According to China Daily,
Prices of residential housing in China may shrink by as much as 50 percent in the next 10 years, a top property researcher has predicted.
“House prices in big and medium-sized cities may collapse at any time, and insurance funds should avoid entering this sector unless housing prices are adjusted,” said Ling Xiuli, a senior researcher with PICC Asset Management Company Ltd, at a seminar in Tsinghua University on September 24.
Ling believes that it looks gloomy for insurers investing in the real estate market at present, as “the house price to income ratio in China is unprecedentedly high in world economic history, and the housing price bubble has hit its peak.”
Xinhua Finance Limited, China’s premier financial information provider, has also recently released a report on “Credit Risks of China’s Real Estate Sector” according to Market Watch.
The report explains that China’s real estate sector has benefited from the nation’s strong economic growth and favorable government policy since the beginning of economic reforms. As a result the industry has for a long period of time enjoyed a remarkable expansion. But with the slowing of the economy and the tightening of credit, Xinhua Finance believes that the recent liquidity problems of the industry are the beginning of a process of unfolding credit risks associated with the nature of the industry that have accumulated over time. Xinhua Finance indicates that the adjustment by China’s real estate industry to the on-going depressed environment is likely to extend over a significant period of time and suggests that investors exercise caution in considering the credit risk implications for debt securities issued by the real estate industry.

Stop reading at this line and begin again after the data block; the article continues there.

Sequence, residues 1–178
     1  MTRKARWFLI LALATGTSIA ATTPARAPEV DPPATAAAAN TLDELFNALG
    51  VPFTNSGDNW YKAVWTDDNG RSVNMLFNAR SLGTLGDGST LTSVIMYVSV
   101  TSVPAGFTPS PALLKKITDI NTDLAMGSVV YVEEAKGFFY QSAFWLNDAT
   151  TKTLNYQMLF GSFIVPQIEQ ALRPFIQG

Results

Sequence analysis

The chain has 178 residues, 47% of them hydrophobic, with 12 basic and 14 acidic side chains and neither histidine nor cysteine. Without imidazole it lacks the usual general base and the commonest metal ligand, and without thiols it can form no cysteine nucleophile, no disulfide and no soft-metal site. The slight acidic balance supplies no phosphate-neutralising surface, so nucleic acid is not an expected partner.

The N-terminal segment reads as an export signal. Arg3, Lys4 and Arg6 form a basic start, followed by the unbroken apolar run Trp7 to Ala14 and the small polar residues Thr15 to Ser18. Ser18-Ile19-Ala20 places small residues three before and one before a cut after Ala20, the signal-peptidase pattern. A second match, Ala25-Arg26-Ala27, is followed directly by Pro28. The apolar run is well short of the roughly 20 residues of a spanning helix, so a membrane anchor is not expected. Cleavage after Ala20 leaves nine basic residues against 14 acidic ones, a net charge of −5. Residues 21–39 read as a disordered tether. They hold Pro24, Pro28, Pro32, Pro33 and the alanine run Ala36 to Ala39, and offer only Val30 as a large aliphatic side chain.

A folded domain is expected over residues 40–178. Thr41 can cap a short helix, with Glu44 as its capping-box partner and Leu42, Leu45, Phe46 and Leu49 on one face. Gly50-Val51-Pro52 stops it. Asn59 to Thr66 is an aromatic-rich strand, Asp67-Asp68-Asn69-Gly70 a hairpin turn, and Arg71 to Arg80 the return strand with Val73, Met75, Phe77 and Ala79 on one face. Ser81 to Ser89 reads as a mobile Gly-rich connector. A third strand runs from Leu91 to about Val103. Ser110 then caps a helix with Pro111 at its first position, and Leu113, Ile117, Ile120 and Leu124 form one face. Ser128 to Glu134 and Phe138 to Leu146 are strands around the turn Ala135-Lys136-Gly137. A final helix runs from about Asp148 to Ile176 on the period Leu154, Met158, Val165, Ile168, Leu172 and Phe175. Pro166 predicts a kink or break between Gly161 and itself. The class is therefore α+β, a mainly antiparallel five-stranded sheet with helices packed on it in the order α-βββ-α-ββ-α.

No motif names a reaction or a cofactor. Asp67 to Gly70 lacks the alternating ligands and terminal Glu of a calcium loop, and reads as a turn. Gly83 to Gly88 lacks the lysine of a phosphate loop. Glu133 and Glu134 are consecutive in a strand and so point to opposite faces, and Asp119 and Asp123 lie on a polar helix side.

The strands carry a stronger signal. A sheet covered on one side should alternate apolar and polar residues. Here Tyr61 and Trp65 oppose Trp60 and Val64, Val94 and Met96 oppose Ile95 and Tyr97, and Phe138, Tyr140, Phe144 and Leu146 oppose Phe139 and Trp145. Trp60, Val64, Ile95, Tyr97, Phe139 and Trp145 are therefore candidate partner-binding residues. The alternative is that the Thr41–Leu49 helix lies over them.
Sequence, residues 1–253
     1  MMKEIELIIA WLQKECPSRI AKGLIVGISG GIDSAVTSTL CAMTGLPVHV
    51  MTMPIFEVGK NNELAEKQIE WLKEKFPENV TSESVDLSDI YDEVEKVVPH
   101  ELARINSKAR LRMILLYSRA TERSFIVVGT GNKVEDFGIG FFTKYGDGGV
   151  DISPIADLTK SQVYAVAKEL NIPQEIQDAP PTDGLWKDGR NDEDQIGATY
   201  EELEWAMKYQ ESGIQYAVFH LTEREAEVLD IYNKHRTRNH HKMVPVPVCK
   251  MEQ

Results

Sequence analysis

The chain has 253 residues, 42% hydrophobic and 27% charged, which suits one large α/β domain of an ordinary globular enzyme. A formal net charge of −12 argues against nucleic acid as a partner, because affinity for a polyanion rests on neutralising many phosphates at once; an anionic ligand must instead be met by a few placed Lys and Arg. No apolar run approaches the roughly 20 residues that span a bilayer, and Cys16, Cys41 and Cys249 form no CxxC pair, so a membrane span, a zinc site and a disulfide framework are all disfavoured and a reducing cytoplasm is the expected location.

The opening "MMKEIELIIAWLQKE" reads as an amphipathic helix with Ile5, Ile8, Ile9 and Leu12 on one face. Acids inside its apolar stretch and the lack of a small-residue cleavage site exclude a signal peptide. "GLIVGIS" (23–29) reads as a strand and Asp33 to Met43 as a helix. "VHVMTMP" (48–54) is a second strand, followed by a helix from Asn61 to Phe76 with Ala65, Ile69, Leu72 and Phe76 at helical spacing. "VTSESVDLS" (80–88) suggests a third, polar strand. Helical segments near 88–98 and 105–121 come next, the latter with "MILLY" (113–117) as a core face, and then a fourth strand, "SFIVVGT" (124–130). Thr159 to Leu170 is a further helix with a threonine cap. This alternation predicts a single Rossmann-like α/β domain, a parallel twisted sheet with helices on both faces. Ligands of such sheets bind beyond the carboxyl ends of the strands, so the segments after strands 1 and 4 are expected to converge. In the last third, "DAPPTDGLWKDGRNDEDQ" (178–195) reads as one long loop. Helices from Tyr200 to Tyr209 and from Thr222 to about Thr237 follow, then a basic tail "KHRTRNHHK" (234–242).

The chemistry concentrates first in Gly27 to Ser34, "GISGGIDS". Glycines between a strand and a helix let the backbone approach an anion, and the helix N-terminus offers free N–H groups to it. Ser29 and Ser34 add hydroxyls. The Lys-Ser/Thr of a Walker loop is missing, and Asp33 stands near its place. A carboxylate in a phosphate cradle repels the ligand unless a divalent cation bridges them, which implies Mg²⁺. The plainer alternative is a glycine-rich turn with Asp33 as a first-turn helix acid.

[…] Regarding the current situation, Dr. Chung-Hsing Chen, vice president and head of ratings and research for Xinhua Finance, stated that “the domestic real estate industry is very fragile and highly fragmented, and most developers do not have adequate experience dealing with a down-turn in the economic environment. With relative weak financial strength and management expertise, some developers are bound to face critical challenges when there are major government policy changes or significant market adjustments.”
The China Real Estate Association (CREA) recently called on the government to shift its policies from “strict” to “moderate” control on the property market, in a proposal to the State Council.
According to Zhu Zhongyi, vice president and secretary general of the CREA, the proposal appealed for local governments to be allowed to help the property market at their discretion, lowering taxes in real estate trading, encouraging housing needs for improving living conditions, and strengthening the industry’s early warning system.